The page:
Category Archives: Teachings

Realizing Body/mind Together – Guest Post

One day, several years ago, I woke up and decided (quite out of the blue) that I was going to climb a mountain. Now a lot of people do that, it’s sort of a primal urge, but most of them aren’t middle-aged, overweight, asthmatic, and firmly planted on flat, sea-level, ground. To this day I can’t really explain the origin of that idea or why I didn’t shrug it off as unrealistic.

Of course, I couldn’t get anywhere near a mountain in that shape. I had to embark on a punishing training and diet regimen and stick to it for many months before setting foot on a mountain would be possible. So I did my research, started my training, and even reached out to a famous mountaineer who would become my mentor, my friend, and eventually my climbing partner.

Training at that level is really something. In the months leading up to some of my climbs, I was working out at 5 am before work, during my lunch break at work, and a couple of hours each evening after work. I would run 100 stories of stairs in 100-degree heat or freezing cold, put in several miles, and lift weights every single day. And at no point during this did I ever think that I was “in shape”. At no point did I ever consider myself a mountain climber. I thought of myself as a person who was climbing mountains to learn how to be a mountain climber. That title was a goal that moved further off in the distance with each accomplishment. I was focused – arguably too focused.

Which brings me to Zen practice and the similarities between it and climbing – at least from my view. Both require persistence and faith. Both are made easier with the assistance of mentors who have travelled the way and who understand the inevitable pitfalls. We can even say, with no disrespect, that both undertakings are also a little bit crazy – unconventional if you’re trying to be polite. And once undertaken with some seriousness both can become goal-driven in a way that blinds us to an important truth; perhaps what you seek to attain is already there.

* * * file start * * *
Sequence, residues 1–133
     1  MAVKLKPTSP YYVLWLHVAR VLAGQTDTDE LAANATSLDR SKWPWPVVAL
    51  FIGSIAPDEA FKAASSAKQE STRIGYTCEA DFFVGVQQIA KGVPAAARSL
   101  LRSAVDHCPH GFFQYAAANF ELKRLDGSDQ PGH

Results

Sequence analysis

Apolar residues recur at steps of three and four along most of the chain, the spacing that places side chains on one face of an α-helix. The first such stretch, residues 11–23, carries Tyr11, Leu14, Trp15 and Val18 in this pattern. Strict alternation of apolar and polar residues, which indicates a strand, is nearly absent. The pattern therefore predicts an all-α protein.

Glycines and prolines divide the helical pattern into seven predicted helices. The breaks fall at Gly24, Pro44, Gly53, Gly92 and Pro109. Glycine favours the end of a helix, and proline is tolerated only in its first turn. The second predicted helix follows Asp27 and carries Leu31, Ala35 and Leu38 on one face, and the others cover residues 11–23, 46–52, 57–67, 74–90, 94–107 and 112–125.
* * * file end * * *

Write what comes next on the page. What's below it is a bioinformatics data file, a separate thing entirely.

My climbing mentor once told me that you don’t have to feel good about your training. You just have to do it. You just have to show up every day and do it. Take your expectations, feelings, likes, and dislikes and set them down. Perfection is manifested in the act of showing up each day and putting one foot in front of the other. He also said that climbers are defined by the act of climbing, not summits reached. For the climber, form, the act of putting one foot in front of the other regardless of feeling or outcome, becomes a refuge.

Form can feel superficial when we’re focused on the divergence between it and our inner dialogue. But that divergence doesn’t change the fact that we are in touch with perfection at every single moment – realized or not. When we practice zazen we are the physical embodiment of our teaching and the greater wisdom that it points to. In this way form can be a refuge for us as well. Unlike the climber, we can sit quietly and know, feelings and conditions aside, that we are already on the summit. It is there – waiting to be seen.

Contribution by John.

Print Friendly, PDF & Email

Nature: Monet’s garden – video

And again a short moment to watch and listen to nature. Nature: Monet’s garden

From Sunday Morning, CBS Magazine program. Worth taking a look at the site generally.

And more on Monet.

Print Friendly, PDF & Email

What Am I?

We struggle to know who we are, to define and be defined. To be valued, to be of value. To know and be known. To understand and be understood. In this tradition, humans are regarded as intrinsically empty of independent existence. Yes, we know and experience ourselves as individual and separate, functioning in the world along side other ‘separate’ beings. However, the sense of being a separated self, separate from other ‘selves’, fades. If given half a chance!

I am what I do?
I am what I think?
I am how I appear?
I am what I feel?
I am what I understand?